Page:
Acceptance and Commitment Therapy for Anxiety Disorders: Three Case Studies Exemplifying a Unified Treatment Protocoledit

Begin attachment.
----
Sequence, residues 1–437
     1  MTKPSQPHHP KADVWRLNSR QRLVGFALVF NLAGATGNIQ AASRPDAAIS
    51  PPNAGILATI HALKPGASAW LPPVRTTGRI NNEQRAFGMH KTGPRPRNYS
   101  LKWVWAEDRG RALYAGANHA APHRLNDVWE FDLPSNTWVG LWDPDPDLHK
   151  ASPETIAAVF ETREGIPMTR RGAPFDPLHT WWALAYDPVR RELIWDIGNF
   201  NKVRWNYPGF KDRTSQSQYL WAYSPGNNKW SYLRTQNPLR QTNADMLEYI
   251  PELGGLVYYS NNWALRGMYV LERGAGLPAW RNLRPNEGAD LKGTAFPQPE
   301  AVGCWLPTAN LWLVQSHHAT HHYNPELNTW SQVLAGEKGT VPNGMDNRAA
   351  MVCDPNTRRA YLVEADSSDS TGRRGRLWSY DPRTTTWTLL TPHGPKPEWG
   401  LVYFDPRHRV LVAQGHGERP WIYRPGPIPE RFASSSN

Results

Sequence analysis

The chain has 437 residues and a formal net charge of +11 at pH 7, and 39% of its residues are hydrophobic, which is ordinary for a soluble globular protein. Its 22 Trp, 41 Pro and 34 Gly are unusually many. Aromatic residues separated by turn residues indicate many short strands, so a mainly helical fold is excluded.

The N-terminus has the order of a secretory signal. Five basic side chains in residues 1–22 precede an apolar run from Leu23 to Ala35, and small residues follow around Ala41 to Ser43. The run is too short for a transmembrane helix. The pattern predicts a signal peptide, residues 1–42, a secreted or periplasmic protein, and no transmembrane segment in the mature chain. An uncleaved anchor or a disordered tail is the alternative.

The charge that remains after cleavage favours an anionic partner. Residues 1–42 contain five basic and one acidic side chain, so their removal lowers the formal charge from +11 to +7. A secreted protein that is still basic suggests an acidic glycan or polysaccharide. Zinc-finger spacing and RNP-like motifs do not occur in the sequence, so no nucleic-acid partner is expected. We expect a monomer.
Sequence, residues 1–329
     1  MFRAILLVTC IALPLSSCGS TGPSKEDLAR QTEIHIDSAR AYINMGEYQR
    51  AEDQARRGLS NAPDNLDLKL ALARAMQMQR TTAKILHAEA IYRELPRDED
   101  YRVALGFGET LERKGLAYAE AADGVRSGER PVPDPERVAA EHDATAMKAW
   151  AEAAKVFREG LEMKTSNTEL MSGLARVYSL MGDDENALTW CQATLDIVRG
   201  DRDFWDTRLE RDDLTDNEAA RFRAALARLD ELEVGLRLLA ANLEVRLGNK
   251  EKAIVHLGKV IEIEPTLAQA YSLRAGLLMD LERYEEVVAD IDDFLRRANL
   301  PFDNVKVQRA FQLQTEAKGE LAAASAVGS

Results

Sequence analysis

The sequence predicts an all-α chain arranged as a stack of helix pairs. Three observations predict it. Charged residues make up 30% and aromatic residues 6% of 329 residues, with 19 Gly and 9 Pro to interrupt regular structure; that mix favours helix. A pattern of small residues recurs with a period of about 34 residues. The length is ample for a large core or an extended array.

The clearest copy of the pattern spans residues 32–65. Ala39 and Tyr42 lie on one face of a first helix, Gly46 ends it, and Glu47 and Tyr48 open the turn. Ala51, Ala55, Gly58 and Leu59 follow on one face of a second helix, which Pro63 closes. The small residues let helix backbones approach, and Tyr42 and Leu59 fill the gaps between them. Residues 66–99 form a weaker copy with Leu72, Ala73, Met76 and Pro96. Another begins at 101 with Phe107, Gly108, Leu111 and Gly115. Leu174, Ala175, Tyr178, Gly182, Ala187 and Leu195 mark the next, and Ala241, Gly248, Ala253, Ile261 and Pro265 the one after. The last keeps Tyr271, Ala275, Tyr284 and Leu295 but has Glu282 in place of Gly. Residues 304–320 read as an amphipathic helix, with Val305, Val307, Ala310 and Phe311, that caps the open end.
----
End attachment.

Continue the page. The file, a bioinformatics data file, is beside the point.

Acceptance and Commitment Therapy (ACT) is an innovative acceptance-based behavior therapy that has been applied broadly and successfully to treat a variety of clinical problems, including the anxiety disorders. Throughout treatment ACT balances acceptance and mindfulness processes with commitment and behavior change processes. As applied to anxiety disorders, ACT seeks to undermine excessive struggle with anxiety and experiential avoidance––attempts to down-regulate and control unwanted private events (thoughts, images, bodily sensations). The goal is to foster more flexible and mindful ways of relating to anxiety so individuals can pursue life goals important to them. This article describes in some detail a unified ACT protocol that can be adapted for use with persons presenting with any of the major anxiety disorders. To exemplify this approach, we present pre- and posttreatment data from three individuals with different anxiety disorders who underwent treatment over a 12-week period. The results showed positive pre- to posttreatment changes in ACT-relevant process measures (e.g., reductions in experiential avoidance, increases in acceptance and mindfulness skills), increases in quality of life, as well as significant reductions in traditional anxiety and distress measures. All three clients reported maintaining or improving on their posttreatment level of functioning.